Film Review: Blade Runner: The Final Cut

With its highly anticipated sequel set for release in the next couple of weeks there is no better time to see the original that lies at the heart of all the excitement. To coincide with this, as well as the 35th anniversary of its initial release, Blade Runner has been remastered and reissued in stunning 4k.

As many of you will know, the story is set in 2019 where we find detective Deckard (Harrison Ford), a retired blade runner who used to hunt down fugitive human-like robots called replicants. He is forced out of retirement and assigned to hunt down four replicants that have returned to earth from the colonies. As part of his assignment he visits Tyrell Corporation where the replicants are designed and made and tests an assistant called Rachel (Sean Young) to see if she is human. Deckard sets out to hunt down the replicants, while simultaneously falling in love with Rachel. The steam punk future is filled with high-tech possibility, as well as social and urban decay.

Philip K. Dick, whose book Do Androids Dream of Electric Sheep served as the basis for Blade Runner, seems to have gained a new found relevance over recent years. Aside from Blade Runner 2049 there has also been the adaptation of The Man in the High Castle and the television sequel of Minority Report. It is easy to speculate and say that the current political climate has brought people back to Dick’s writing and his themes of authoritarian governments and monopolistic corporations but it is much more likely that Ridley Scott’s film would still captivate its fans no matter what has happened since its original release.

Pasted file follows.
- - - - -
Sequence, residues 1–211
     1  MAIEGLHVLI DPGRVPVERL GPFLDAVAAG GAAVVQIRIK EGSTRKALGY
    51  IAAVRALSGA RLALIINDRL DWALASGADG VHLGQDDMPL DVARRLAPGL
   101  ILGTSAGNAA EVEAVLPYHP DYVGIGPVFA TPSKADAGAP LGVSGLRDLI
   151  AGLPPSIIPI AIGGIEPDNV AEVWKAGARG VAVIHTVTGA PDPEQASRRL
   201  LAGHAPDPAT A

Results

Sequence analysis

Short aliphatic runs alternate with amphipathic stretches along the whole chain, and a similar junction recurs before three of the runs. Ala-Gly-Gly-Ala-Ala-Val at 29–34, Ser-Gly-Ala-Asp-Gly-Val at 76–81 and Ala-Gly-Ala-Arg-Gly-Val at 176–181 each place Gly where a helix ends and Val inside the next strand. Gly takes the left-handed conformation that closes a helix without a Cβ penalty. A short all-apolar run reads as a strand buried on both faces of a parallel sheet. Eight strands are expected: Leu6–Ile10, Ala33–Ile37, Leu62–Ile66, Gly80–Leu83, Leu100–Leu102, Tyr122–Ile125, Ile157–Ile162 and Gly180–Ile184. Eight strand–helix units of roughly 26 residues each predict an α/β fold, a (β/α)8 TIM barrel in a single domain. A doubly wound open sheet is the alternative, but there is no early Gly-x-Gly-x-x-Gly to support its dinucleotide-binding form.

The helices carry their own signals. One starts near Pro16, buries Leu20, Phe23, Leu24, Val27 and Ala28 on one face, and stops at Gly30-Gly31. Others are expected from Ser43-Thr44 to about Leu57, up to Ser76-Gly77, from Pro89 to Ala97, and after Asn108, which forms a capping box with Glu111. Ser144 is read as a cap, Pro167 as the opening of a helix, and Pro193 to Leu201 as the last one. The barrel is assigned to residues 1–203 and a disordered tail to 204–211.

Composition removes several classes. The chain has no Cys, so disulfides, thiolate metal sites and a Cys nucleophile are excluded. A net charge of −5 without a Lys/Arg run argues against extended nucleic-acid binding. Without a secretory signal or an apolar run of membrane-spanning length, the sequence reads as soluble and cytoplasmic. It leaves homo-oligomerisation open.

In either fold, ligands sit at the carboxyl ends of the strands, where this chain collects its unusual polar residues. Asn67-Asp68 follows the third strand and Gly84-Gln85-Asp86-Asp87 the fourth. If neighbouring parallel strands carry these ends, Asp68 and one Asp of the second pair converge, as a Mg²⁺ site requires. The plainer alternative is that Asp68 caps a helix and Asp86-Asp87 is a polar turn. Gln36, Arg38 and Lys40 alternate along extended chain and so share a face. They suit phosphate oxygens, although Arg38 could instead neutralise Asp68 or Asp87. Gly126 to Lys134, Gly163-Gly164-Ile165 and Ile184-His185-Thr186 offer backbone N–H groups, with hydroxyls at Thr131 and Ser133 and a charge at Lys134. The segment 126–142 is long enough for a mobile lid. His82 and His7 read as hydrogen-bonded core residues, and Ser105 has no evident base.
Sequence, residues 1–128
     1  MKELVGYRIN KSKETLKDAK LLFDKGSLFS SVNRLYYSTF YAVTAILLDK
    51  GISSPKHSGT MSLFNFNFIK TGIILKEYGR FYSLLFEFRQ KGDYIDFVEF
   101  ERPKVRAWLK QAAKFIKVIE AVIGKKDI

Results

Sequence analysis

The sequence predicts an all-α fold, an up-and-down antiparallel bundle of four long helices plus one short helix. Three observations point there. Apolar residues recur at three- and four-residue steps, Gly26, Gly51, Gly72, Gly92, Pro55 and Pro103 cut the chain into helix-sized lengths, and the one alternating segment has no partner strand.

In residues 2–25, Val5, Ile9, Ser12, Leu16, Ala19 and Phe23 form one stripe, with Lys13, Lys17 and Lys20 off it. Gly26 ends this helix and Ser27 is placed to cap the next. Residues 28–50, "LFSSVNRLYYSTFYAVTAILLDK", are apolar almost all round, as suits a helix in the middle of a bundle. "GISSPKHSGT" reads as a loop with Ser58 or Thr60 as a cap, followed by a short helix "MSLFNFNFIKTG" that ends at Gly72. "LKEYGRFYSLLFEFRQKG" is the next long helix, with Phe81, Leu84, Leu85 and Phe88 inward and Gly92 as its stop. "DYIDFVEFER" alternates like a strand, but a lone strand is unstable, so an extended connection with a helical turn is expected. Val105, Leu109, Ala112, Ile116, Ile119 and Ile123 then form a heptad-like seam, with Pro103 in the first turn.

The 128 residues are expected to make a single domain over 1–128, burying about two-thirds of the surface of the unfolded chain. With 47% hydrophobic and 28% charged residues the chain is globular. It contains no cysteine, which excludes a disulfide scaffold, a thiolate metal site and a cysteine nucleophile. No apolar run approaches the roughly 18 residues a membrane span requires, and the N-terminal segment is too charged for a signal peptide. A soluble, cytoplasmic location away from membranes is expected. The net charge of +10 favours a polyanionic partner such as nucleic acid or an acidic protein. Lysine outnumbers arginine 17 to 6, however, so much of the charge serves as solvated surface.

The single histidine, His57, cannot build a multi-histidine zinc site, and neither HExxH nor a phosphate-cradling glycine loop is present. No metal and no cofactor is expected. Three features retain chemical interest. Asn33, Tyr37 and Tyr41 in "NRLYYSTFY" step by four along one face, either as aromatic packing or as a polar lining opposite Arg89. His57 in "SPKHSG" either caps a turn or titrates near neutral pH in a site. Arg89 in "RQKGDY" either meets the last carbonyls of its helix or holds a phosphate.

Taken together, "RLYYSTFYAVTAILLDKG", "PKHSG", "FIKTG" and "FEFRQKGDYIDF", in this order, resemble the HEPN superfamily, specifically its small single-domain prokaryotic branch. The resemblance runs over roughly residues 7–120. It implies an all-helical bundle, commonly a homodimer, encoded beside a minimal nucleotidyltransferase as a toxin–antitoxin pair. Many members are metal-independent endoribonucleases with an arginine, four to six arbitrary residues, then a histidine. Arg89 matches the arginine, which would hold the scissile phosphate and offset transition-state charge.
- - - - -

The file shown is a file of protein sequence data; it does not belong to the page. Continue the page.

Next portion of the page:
Central to Blade Runner is a beautiful juxtaposition between the cold and hostile environment that the films inhabits and a surprisingly personal story. At its heart it is an internal and intimate story about Deckard and Rachel’s doubts about their own humanity and their suspicion that they may themselves be replicants. What could have merely been a standard detective story or a tale of man verses machine instead becomes a much more textured contemplation on what makes us human.

The visuals and cinematography by Jordan Cronenweth remain beautiful and chilling. It is easy to believe that everything takes place in a world detached from our own. The world building and set design remain some of best ever captured on film and it is easy to get lost in the murky backstreets of future Los Angeles. The 4k restoration only adds to this and will look amazing whether it is being projected or being seen on a large screen television.

It comes as no surprise that Blade Runner remains a classic within the sci-fi genre. If like me you are excited for its sequel then the original is a must watch over the next couple of weeks.

Blade Runner: The Final Cut is available to buy now on 4K UHD. The 4K UHD Special Edition will be available to buy from September 25th and Blu-ray™ Steelbook from November 13th.

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